It’s going to happen again next year!
At least that’s what the Nevada Summer Feeding Program task force hopes.
If you saw the story at the top of last week’s front page, you know that "Food That’s In When School is Out" was a success in Nevada this summer. The numbers shows that on the 16 days that meals were offered, 176 young people ate lunch at least one time. That means that 176 young people felt the need to have a good meal or meals - nourishment they might not have had if the program hadn’t started.
Programs like Backpack Buddies, which supplies elementary and middle school kids with food and snacks for the weekends while school is in session, have shown us that Nevada has a need to feed. The ongoing need for our community cupboard also shows that we have a need to feed. Food at First shows that we have a need to feed. So now, our community needs to step up and keep these things going.
Barb Mittman of YSS, the organization that sponsored the Summer Feeding Program, said the challenge in offering the feeding program again next year starts with finding additional volunteers. She said she has already started conversations with possible sponsors, and she needs to hear from residents who would be willing to serve on the task force and help plan for the 2014 program. Meetings will start in September.
Mittman said the task force intends to increase the number of days that lunch is available in 2014, and to continue to offer supervised and age-appropriate activities along with the meals. Therefore, there is a need for additional leadership for activities and more on-site volunteers. "Members of the task group and myself are available to talk NOW with service clubs, businesses and other agencies about what they can do to help in 2014," Mittman stressed.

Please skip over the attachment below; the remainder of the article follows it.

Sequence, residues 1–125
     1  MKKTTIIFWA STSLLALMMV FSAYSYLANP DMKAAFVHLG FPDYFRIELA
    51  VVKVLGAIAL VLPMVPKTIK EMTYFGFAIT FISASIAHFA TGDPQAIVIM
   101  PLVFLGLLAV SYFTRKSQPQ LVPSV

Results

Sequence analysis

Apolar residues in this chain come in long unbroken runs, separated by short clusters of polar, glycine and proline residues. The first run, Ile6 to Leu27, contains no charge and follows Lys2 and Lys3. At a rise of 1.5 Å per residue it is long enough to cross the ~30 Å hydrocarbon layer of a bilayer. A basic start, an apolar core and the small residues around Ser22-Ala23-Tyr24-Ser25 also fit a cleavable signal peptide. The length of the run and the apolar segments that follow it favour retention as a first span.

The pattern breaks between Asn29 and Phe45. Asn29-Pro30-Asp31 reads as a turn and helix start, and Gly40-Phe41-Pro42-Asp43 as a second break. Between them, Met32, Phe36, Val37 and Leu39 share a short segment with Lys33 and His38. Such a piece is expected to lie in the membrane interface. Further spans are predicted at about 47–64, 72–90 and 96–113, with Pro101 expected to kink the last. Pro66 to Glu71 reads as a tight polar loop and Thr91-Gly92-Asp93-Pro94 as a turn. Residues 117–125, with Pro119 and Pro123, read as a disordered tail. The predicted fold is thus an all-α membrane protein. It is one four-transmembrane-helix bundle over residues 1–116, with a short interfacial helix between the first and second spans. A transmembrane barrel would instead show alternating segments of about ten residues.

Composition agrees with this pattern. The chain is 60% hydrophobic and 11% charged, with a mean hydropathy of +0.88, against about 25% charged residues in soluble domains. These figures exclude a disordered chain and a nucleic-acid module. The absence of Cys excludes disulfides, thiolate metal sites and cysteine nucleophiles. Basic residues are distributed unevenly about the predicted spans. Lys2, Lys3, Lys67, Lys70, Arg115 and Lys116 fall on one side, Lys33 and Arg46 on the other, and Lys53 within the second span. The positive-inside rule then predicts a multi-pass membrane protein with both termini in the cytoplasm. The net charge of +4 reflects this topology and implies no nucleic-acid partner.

As the person who oversaw, through YSS, this year’s Summer Feeding Program, Mittman said she was grateful for how the community embraced it. Not only did it feed children; it also fed the social well-being of children in the community by building relationships between them and the people who volunteered at the program. "We fed, we played and we read. We practiced science and math skills and modeled character. We connected with community leadership and dozens of volunteers, but the most exciting part is the NEW relationships that developed between and with the young people," Mittman said.
Mittman said the summer feeding program did more than fill stomachs, it reached into groups and neighborhoods to bring people and children together who might have never before crossed paths.
The program built community! Now, the program seeks more people in the community to get involved in helping it grow and be of service again next year.
If you have some summer time to spare, give "Food That’s In When School Is Out" some serious consideration. This is a program that is needed.